One of the peculiarities of the DSM IV and the DSM as a whole, is vagueness with respect to what consistutes criminal psychiatriatry.
For instance, is the breaking of laws an actual criminal offense ? By the definition of the DSM, it is.
A different viewpoint, one that strictly adheres to a need for a medical definition of illness, rather than a legal definition of illness, would view the definition of illegal conduct as not psychiatrically treatable, as any violation of law is a social, rather than a medical phenomena.
If we use a very different definition, we would look at the illegal conduct, and determine if it represents a loss of funcitionality. In other words, if we examine the existential definitions of illness, we can see that in many cases, not breaking the law is a form of psychiatric illness. It may be, indeed, that in our society if not in most indistural societies, laws enforce such a loss of existential functionality.
Defining existential functionality, and reviewing those portions of the law that are consistent and inconsistent with it, than allows us to make a determination as to how to procede with correctional psychiatry.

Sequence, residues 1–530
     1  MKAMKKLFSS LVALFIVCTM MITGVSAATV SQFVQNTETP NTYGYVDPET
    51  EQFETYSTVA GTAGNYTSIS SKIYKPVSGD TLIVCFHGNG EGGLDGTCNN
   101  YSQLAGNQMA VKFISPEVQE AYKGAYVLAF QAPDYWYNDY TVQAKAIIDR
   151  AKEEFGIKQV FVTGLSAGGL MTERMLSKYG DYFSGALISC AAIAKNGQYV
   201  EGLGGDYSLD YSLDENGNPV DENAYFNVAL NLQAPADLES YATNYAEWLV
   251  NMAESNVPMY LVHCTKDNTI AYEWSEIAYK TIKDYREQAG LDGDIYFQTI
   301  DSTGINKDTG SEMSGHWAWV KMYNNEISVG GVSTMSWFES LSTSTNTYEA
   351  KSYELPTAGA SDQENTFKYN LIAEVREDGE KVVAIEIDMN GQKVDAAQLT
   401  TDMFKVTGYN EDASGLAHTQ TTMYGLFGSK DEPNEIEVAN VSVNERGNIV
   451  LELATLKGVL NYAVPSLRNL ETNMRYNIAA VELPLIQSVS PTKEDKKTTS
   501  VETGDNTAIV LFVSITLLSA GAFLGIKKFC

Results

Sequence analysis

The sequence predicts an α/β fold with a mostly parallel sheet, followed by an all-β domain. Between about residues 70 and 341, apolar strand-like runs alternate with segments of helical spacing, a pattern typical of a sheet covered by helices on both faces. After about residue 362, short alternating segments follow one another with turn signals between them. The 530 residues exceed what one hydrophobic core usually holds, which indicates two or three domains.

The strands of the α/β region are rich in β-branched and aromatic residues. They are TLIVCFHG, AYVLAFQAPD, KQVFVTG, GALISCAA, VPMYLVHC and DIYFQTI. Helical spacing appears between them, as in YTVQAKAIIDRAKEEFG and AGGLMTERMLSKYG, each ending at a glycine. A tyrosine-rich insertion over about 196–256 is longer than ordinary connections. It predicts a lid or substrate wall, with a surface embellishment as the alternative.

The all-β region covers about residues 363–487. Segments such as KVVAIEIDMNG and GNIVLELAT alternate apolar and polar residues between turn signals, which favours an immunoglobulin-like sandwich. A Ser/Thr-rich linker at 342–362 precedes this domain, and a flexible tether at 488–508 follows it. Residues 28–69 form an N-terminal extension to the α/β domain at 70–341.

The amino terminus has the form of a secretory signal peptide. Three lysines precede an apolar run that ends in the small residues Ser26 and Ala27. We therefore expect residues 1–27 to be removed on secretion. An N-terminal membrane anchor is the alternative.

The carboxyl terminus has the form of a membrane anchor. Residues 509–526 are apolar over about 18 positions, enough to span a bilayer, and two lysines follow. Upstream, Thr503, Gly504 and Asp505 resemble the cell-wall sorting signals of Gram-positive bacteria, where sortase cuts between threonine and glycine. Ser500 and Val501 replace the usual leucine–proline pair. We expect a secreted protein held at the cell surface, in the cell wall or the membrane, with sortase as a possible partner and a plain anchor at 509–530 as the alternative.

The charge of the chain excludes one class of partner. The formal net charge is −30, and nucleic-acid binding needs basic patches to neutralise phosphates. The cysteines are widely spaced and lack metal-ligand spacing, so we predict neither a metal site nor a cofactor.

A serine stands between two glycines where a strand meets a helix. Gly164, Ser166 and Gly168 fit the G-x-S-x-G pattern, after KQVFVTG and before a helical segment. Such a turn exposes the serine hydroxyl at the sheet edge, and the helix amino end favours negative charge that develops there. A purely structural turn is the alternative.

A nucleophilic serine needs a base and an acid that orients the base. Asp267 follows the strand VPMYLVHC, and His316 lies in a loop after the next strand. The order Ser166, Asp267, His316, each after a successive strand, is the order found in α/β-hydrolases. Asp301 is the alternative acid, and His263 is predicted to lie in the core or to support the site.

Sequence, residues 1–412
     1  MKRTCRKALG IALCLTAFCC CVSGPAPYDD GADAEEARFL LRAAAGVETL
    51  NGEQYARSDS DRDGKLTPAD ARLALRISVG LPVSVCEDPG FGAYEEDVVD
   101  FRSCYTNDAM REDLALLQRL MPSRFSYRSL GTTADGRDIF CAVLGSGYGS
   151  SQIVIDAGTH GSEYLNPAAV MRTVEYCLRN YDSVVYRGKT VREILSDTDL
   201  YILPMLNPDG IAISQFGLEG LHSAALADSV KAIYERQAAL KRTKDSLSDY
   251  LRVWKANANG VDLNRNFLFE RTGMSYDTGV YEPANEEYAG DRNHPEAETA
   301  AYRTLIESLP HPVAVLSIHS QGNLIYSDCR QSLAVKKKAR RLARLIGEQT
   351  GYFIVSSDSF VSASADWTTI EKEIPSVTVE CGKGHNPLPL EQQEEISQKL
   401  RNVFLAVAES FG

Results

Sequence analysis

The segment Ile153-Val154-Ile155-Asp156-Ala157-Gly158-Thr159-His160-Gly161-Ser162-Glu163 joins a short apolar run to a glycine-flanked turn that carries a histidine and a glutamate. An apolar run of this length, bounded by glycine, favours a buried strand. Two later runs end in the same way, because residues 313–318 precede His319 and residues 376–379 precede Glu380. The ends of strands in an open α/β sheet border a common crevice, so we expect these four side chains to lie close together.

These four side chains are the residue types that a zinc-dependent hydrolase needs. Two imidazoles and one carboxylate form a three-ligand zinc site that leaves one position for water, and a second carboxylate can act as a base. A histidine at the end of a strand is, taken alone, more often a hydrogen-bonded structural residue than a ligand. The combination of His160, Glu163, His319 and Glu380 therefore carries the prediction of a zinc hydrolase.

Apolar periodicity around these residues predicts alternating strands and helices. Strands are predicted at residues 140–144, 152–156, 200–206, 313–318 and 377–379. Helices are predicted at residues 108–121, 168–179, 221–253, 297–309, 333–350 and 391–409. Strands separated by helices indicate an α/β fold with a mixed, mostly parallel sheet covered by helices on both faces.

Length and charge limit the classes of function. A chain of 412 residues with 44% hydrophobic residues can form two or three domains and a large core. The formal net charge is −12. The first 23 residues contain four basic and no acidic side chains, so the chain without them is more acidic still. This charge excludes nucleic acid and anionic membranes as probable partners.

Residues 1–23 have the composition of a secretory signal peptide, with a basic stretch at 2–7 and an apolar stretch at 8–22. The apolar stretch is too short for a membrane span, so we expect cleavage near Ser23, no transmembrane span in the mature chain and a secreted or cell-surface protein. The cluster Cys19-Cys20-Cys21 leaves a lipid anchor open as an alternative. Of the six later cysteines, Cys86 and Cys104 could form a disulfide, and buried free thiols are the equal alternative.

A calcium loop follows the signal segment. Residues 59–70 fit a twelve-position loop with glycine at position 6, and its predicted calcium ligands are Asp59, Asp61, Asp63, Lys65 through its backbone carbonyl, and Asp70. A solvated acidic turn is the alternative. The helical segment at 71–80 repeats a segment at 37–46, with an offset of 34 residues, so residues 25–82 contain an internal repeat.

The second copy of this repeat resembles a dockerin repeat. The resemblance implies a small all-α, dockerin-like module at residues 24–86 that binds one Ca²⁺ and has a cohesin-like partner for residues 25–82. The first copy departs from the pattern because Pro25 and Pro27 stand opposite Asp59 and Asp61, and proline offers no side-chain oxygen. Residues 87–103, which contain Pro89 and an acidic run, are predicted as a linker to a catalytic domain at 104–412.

Existential issues define, then functionality. And it is that concept of functionality that allows us to look at the criminal mind with a perspective that is consistent with the basic medical issues.
Here is one example. Does the refusal to obey an unjust law constitute sociopathy. The obvious answer is, no.
On the other hand, is theft sociopathic ? Yes, despite all social sanctions. For this reason, we might simply describe any philosophical system that justifies theft (or passes it by as an unimportant issue) as, at heart sociopathic.
Drawing such a conclusion then is helpful, for it allows us to understand the medical features of sociopathy.
Why ? Because socially sanctioned theft is sociopathy, and thus, the criminal mind can then be seen as, in many cases, as a socially santioned experience.